Europeans have long enjoyed the pleasures of Cuba thanks to tourist companies, some of which specialize in sex tours to the lovely island. Barcelona Viajes’ advertising emphasizes the sensuality that the joyful life of the Cubans can offer the adventurous tourist. One of its brochures discretely announces a “Fiesta de solteros” (Single Men’s Party) at the Varadero Beach, “Juegos locos en la piscina” (Crazy games in the swimming pool), “Juegos de pijamas en la discoteca” (Pijama games at the discotheque) and a “Concurso del mejor bikini y bronceado” (Competition for the best bikini and suntan).
More intellectual and serious, American companies like Insight Cuba offer “people to people” tourist experiences, full of educational activities, music, and the joi de vivre that characterizes the happy Cuban population. It would only be common sense that, once you are inside Cuba, you don’t start asking about the persecution against the Damas de Blanco, or about blogger Yoani Sanchez.
Thus, as long as you behave, you may have the same wonderful experience as “Patricia S.,” an American tourist whose comments are part of Insight Cuba’s publicity: “The music was fabulous. Loved the paladar we went to one night. Also had rides in vintage 50’s cars. People were extremely warm and welcoming.”
Una Noche is so good that it captures this real and seemingly not uncommon experience in a priceless scene where a “nice” American family, made up of Dad, Mom, and their teenage son and daughter, drives an American car from the 50’s, blissfully unaware of the misery that makes possible their joy ride.
Of course, the natural question that comes to mind after seeing Una Noche is how on earth could the Cuban government allow it to be filmed in Cuba? This movie is simply devastating. It shows how Cubans actually live, not how the tourists see them, or how the American professors present Cuban “culture,” even when they do so with half-hearted caveats, to their naive students.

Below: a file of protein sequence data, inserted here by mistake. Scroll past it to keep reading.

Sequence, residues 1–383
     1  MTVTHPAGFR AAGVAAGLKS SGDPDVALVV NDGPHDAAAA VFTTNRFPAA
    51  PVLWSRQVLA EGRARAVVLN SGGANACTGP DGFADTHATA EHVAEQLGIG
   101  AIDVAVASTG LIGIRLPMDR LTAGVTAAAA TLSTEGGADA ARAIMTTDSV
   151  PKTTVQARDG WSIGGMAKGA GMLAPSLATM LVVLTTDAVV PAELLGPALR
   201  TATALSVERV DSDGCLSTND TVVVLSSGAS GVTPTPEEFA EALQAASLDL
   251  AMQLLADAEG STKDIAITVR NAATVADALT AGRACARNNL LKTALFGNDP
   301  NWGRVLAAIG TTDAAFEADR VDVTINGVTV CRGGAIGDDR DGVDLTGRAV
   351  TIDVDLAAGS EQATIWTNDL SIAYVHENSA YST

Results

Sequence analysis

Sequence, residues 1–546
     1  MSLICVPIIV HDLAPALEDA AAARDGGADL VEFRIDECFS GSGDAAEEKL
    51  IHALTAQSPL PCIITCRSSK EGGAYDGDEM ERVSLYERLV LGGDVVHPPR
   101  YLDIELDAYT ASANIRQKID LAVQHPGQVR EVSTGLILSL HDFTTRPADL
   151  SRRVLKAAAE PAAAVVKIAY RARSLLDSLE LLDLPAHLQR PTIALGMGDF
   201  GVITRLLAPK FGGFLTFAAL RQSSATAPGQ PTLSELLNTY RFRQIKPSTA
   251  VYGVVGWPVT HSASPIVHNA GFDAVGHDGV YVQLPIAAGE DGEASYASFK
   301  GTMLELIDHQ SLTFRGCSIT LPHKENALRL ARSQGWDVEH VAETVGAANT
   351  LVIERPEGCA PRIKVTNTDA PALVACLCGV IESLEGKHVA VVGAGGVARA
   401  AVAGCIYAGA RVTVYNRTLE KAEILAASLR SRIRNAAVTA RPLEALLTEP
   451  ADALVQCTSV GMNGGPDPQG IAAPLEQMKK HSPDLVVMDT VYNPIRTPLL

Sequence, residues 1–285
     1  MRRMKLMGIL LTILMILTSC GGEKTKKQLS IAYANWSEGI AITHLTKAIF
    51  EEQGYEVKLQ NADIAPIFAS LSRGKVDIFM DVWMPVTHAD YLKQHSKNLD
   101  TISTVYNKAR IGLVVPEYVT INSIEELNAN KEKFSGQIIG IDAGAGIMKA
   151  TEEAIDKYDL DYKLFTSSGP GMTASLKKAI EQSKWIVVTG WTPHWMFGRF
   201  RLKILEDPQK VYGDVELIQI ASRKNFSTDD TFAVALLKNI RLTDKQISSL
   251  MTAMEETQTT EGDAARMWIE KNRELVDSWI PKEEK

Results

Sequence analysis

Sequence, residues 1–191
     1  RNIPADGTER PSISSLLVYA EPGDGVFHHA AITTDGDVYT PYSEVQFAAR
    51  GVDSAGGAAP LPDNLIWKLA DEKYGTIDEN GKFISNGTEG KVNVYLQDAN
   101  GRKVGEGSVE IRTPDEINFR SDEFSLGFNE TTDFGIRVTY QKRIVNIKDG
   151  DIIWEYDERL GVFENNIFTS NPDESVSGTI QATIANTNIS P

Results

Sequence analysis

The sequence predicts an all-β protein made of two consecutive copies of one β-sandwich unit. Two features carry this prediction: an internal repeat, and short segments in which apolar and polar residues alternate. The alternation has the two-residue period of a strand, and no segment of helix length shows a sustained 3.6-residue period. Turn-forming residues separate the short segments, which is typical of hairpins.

The great epic film The Lost City (which ought to be bought and watched together with Una Noche), with a script by one of the great writers of Latin America—the exiled Cuban author Guillermo Cabrera Infante—and with Andy García as director and main actor, had to be filmed in the Dominican Republic. The Lost City could not even get financial backing in Hollywood because of its unsympathetic treatment of Castro and Che Guevara.
So what was different about Una Noche?
In the first place, the credentials of its director, Lucy Mulloy, were impeccable. Her father, Phil Mulloy, is a British director of animated films which run counter to the “bourgeois” and “capitalist” culture of the West. Thus in an animated film titled Intolerance, “our own notions of what is moral, of what is sexually decent, of what and who we are, are brought into question.” One of the devices used in this animated film for such de rigueur “questioning” of bourgeois morality is a race of aliens with “their heads and sex organs…anatomically reversed.” Her mother, the Czech-born Vera Neubauer, is also a creator of animated films dear to the European “intelligentsia.” In addition, Lucy Mulloy graduated from Oxford University and, later, from the film department at NYU–none of which are places full of right-wing intellectuals.
But the clincher must have been that Lucy Mulloy is the protégé of American black director and producer Spike Lee, whose name is the first one to appear on the screen as the film starts. Lee has made numerous movies critical of American society and its terribly unfair treatment of blacks, and is a multimillionaire with enormous national and international influence. Probably his support for the movie, and his personal lobbying of the Cuban government, made the filming in Cuba possible.